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Lethbridge Herald Newspaper Archives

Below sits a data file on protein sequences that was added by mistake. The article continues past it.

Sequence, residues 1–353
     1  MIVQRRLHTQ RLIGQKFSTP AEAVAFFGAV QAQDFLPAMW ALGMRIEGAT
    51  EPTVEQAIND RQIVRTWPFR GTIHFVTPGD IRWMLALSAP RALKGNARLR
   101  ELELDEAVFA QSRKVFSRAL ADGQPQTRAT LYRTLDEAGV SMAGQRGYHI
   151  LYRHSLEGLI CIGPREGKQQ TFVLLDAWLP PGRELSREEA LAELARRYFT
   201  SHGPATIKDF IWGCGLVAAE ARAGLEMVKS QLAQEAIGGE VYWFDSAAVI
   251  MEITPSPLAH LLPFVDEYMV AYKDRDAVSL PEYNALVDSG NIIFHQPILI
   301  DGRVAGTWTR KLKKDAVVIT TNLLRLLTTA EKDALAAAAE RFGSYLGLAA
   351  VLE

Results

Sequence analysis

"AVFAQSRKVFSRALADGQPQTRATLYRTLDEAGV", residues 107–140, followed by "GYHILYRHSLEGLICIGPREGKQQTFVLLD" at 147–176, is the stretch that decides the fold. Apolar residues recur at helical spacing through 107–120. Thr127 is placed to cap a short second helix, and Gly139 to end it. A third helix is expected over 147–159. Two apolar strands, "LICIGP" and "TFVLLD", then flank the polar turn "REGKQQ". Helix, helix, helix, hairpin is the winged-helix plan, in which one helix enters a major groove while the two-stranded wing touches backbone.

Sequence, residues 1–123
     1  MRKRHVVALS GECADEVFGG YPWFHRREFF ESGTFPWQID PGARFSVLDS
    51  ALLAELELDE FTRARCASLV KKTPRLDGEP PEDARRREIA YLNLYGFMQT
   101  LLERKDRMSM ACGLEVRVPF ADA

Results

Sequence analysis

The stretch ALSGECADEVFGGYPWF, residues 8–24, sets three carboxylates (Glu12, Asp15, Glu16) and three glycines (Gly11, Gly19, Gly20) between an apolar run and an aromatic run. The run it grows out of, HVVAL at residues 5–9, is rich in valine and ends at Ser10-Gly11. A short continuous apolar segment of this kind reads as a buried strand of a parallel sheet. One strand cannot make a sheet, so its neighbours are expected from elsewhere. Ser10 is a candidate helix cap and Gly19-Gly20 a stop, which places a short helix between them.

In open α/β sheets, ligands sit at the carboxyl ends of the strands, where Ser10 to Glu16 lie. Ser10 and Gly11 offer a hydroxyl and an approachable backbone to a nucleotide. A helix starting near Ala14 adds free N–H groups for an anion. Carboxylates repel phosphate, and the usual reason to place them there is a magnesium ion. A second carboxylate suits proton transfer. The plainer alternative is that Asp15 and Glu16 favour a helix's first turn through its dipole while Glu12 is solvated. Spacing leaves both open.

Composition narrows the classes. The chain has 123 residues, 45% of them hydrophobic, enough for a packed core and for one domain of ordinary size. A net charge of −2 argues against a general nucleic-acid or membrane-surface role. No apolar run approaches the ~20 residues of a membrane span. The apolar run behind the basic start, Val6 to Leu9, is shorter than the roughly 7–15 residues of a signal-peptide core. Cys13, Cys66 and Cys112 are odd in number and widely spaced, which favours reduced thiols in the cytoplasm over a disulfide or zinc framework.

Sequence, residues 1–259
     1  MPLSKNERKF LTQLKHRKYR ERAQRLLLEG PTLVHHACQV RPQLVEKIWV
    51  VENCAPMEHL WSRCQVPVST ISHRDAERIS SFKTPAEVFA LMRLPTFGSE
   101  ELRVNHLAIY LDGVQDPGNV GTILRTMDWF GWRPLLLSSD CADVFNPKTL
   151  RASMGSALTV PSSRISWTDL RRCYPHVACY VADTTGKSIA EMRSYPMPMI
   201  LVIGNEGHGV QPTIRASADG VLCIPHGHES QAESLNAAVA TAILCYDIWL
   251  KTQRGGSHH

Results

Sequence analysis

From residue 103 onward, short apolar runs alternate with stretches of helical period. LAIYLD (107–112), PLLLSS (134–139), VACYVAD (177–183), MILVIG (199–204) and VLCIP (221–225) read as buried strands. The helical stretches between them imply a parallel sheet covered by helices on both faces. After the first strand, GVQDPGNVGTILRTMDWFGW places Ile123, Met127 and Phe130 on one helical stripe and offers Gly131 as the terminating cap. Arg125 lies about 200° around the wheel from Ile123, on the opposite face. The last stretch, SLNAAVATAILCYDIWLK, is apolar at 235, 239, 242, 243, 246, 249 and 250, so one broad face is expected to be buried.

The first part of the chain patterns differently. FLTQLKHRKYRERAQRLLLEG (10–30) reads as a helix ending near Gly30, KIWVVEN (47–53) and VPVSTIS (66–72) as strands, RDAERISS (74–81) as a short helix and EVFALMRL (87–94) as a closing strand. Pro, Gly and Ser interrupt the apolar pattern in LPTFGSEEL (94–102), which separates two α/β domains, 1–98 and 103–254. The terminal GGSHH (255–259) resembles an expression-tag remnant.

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Lethbridge Herald, The (Newspaper) - August 16, 1972, Lethbridge, Alberta FORECAST HIGH THURSDAY NEAR 75 if ic LKTIIBRJDGIC, ALHKKTA, WEDNESDAY, AUGUST Ifi, 1972 PRICE NOT OVER 10 CENTS SEVEN SECT1ONS-82 PAGES arbor stri reatening Groenan PhoJo EARLY SEASON HARVEST-The Miller brothers of Chin are laking full advanfago of ideal har- vest conditions in southern Alberta as ihey pul cr uniquo harvest system Jo work. One brother runs ihe self-propelled combine while one of their sons operates a 16-foot swalhor being operaled in conjunction with the small capacity pull-type combine run by a nephew of Mr. Miller Sr. Another son keeps the two combines load- ing info one of two trucks. The other Mi Her brolher is in cborgo of unloading the two trucks from ihe field. With sections of dryland farm, and this bur ley field yie'ding 75 bushels per acre, the efficient system is needed. rules New Yorkers Hy PIUTCIIAJU) of The Canadian Press NEW YORK The nearly right million residents of this glittering eily tend to put crime in the same cat- egory as taxes-inevitable. For several years they have been learning more nnd more alxiut corruption within the police force through publicity various "rotten apple" cases. Two years ago. Mayor John Lindsay appointed a commission of inquiry headed by lawyer Whitman Knapp. The commission, after investigations by a .small slaff and public bearings, I his week presented ils first official report. The Knapp commission said bribery and graft have Indeed polluted Hie police force and took note also of accusations of corruption among prosecutors, lawyers and judges. The commission's chief recommendation was that Gov. Nelson Rockefeller appoint a special deputy at- torney-general lo wage a five-year "war on corruption'1 throughout the city's judicial and police system. M he state Governor was reported giving the proposn! sym- pathetic consideration. DAs 1NCKNSKI) There were screams of outrage from the district attorneys of I ho city's five boroughs Jit Irifl suggestion they given a state overseer. One described ns a "damnable lie" the opinon given by Knajjp that dis- trict attorneys hesitate lo prosecuute policemen because of Ihe i rit i mate i-elalionship developed between them in UK: ci'imcCighlinf; process. There is little doubt that supervision will lie lipht- nnwl and some hearls wil! roll. But will there be a per- manent cure in a cily so long conditioned to the Idea that a certain amount of corruption and briltcry i.s in- evitable? I 'a si history is hardly reassuring, The Knnpp commission noted in ils report thai srnndal, reform, and ficsh scandal iippcar lo run in 20-year cycle's hero. Trouble started as soon ;is the police department was organized in its present form in lH4't, There were major revelations of corruption in 1875, 1R03, and 1919. Tho nrilrrrd by Gnv franklin 1) TirwvinvrH in JDM prrKlurrd two nf hrariMCs. Onr of (he juirirsl revrlalinns Wfi.s Mini six innoronl nnmrn were in jail Iwause they refused lo pay hriht-s lo pn- liremen who had threatened lo charf'c Ihrrn wilh pros- titution. The women woro freed; magistrate's courts were- reformed. In Harry Gross, a Brooklyn bookmaker, was revealed lo be paying million a year for protedion. Tluil led iMi pnlicrmn) indicted, ml i ring or rommiMiny Miiridr. by M'lr with invrMsr-'- turn, frdernt and inquiries have Ivcn pvorrc'dnif; into various matters. Already an nssislnnl. district al- lomc'y has been Fired for not. out a proscou- Om niul another has hecn indicted for sharing ?i bribe. Thus Ihr; current shnkoup Is of wider scope than jiny Hint v, cr.t bi'fui'f. scniiir police official rpiolc-d as saying Ihe pressures, together with proposed strJminislriitivR f hangw, may hnva lasting impact, Hy HUCKLKY WASHINGTON (CPi Con- scrv.'itiomsts v.crn blanket! in court Tuesday HR a federal judge gave llic In huild the controversial trans- Alaska oil pipeline at a cost of billion. JiuL critics of the project will appeal the ruling probably all the way to the U.S. Supremo Court. .fudtfe George Hail of the U.S. district court, con- servationists and allied groups Jiave for months fought off- and on battle to prevent the building rjf the TA mile; pipeline, dismissed all the Icgat objections they raised. In a brief oral judgment, .htdtfG Hart dissolved the in- junction he bad imposed in April, 1971, on grounds (hat tho interior department has met legal requirements for allowing construction to begin. Three environment groups the Wilderness Society, Envi- ronmental Fund and Friends of ihe Kiirth, aided by Iho Cana- dian Wildlife Federation and Liberal Leader David Ander- son of British Columbia won the injunction 2fl months ago by convincing .Judge Hart lhat Ihe interior department could not permit construction of the pipeline without first studying its environmental impact. 'STUDY INADHQUAVK' They returned Monday to ar- gue that the impact .study pub- lished last March still was in- adequate and that Interior Sec- retary Rogers C. B. Morion's intention, announced last May, lo issue the necessary pel-mils would violate legal fond use restrictions since the project would use up far more land than Hie secretary is allowed to authorize under the Mineral Incasing act of 1920. University secretary resigns The University of IxHhbridgc lui.s announced the resignation of n senior admini.sli ;itive of- ficial. Jim FLslibonnie's retire- ment move seen to end war SAIGON (AP) U.S. presi- dential adviser Henry Kissinger arrived in Saigon tonight and Le Due Tho, his North Viet- namese adversary in secret peace talks, flew to Hanoi amid widespread speculation about a new move to end the war. at Swift plant A A "scrimage" between 75 employees of Swifts Caiialian Co. Ltd. in Letlibridge and management ended at noon to- day wlic-n union and company officials agreed to enter dis- cussions "in the very near fu- ture." Norm LcCIare, union busi- ness agent, told The Herald the workers would be returning to work Thursday morning as usu- al. The employees, members of the Canadian Food and Allied Workers Union, Local 740, walked off the job at 7 a.m. Tuesday to protest working conditions at the meat packing plant. Mr. LcCIare said tho impetus for the plnnr.ed meeting came from the national offices of both the union and the com- pany. He said a solution to the problem was nearly reached beUveen local officials of the union and company but indi- cated that Ihe problem was "a little beyond us." Included in lliu planned meet- ing will be members of the lo- cal plant nianr.giiment. the union and Tom Dane, national director of operations for Swifts. "All the union really wanted was for the problems lo be looked at and a solution said Mr. LcCIare. "The aereemeiit by the com- pany and union officials to sit down to the discussion was the key to the back to work move. Tva made the centra fold of Seen and heard About town 'AUTIOtlS (I'Snlli- nil nnif Tim .StticKrrl m.-lKlnj: -1 hrl